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DIY Clay Christmas Tree Ornaments

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There’s nothing quite like decorating the Christmas tree to get me in the mood for Christmas. Brett and I put up our teeny tiny little 4-foot-tall tree the day after Thanksgiving, and now we like to turn off all the lights except those on the tree and just bask in its warm light. *Sigh* It’s heavenly. But aside from a few nostalgic ornaments, there’s not really much on our tree that makes it feel distinctly ours. I have a couple of friends who like to get a new Christmas tree ornament every year to mark significant milestones or fun memories, and I really love that idea. This year, I decided to add to our collection by making some of our own. After all, there’s no better way to make a Christmas tree feel like your own than by decorating it with something you made yourself. And honestly, I couldn’t be happier with how these turned out. They are so simple to make and you probably have most of the supplies already. It’s easy to make something that reflects your own unique tastes and style, and they make great gifts, too! So grab some friends (or your kids—these are very kid friendly), turn up the Christmas tunes, and let’s make some DIY Christmas Tree Ornaments! DIY Christmas Tree Ornaments: Supplies

What You Will Need

To make these DIY Christmas Tree Ornaments, you will need:
  • Clay: I use original white Sculpey oven-bake clay, but you can use any brand of oven-bake or air dry clay that you like. You can even use salt dough—just remember that it’s hard to get fine details with salt dough, so if that’s the route you choose to take, don’t expect to do anything super fancy with it.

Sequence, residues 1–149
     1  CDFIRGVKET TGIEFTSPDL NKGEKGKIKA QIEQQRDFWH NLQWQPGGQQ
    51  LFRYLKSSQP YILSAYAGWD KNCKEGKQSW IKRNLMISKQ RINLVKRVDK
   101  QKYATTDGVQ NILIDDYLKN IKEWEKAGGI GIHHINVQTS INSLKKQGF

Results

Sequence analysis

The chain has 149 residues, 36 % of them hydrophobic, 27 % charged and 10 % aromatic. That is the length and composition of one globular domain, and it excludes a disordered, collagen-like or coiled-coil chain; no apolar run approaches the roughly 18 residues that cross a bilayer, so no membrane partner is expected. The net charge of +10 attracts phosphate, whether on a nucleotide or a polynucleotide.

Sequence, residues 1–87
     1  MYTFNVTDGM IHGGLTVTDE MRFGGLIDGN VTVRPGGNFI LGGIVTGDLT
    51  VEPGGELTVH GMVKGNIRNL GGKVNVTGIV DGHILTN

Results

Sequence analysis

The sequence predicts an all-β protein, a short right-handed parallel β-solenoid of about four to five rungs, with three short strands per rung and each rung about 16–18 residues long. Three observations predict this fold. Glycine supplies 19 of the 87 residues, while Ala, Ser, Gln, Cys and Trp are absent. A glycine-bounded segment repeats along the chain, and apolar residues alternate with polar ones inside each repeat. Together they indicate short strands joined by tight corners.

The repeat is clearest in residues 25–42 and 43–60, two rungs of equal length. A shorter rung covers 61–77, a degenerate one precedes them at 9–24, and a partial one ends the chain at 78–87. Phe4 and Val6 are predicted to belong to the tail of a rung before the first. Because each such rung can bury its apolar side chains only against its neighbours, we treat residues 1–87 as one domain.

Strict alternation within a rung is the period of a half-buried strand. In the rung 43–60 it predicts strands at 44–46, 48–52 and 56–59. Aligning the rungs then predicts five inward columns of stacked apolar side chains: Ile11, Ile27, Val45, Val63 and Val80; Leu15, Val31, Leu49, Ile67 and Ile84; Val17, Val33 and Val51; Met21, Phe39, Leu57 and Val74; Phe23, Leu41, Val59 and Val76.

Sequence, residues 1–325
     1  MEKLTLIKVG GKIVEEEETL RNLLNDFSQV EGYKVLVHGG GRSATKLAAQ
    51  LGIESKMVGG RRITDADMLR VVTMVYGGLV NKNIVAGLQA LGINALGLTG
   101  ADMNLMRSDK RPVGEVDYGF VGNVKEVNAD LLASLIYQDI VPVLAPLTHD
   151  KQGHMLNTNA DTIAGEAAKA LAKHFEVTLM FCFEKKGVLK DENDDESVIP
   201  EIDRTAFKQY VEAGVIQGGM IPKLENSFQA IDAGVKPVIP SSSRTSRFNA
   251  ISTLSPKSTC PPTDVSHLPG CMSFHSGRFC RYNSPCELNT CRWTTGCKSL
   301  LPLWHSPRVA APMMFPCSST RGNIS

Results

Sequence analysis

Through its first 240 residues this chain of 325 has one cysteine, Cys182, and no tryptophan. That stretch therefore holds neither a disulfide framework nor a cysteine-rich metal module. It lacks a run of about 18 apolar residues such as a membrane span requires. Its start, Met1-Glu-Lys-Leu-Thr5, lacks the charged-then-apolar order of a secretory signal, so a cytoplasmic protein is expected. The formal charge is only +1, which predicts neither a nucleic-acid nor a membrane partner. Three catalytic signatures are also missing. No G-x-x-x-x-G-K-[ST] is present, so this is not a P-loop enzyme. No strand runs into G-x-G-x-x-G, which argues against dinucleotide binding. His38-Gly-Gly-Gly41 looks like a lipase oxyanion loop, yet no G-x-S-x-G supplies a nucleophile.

• Rolling Pin: While oven-dry clay brands like Sculpey are non-toxic, it’s still not considered food safe. Make sure to use tools and utensils that you don’t plan on using with food. When we got a nice marble rolling pin for a wedding gift, my old wooden one got relegated to craft duty. If you don’t have an extra rolling pin, smooth water bottles or glass jars work just fine for rolling out clay. You can also press it out by hand if you’re not worried about getting it perfectly smooth. (A lot of professional clay artists use old pasta rollers to roll out their clay!)
  • Tools for Embellishing: This is where you can get wild and crazy. I use old cookie cutters, a mason jar ring, tools from a pumpkin carving kit (which are useless for pumpkins but great for clay), a lonely chopstick, a plastic straw (which I save in my craft kit), a plastic knife, bottle caps, a ruler, and a bit of lace. You can also make cool designs with the bottoms of glass cups or bottles, metal buttons, leaves, old silverware, and anything else you can find in your junk drawer.
  • Plastic Wrap (Optional): I saw a picture on Pinterest that suggested putting a layer of plastic wrap on top of your clay before cutting out shapes to get nice rounded edges. I tried it out this time and found that it was more trouble than it was worth for me, but you may want to try it to see if you like it.
  • Paint (Optional): Nothing fancy here, just simple (and cheap!) craft paints.  If you use colored clay or like the look of white Christmas tree ornaments, you can skip this one.
  • Ribbon or Wire for hanging the ornaments on the tree.

Roll Out the Clay

Knead your clay a few times to get it pliable and to get rid of any air bubbles that may be lurking inside. Using your rolling device of choice, roll out your dough until it’s about 1/4″ thick. If you have trouble with the clay sticking to your work surface, you can try rolling it between two pieces of waxed paper or reducing the pressure of your rolling pin and gently pulling the clay up and rotating it between each pass of your roller. You can also place bits of lace or leaves or other flat objects on the top of the clay during the rolling process to create some cool patterns and designs.

Cut Shapes and Embellish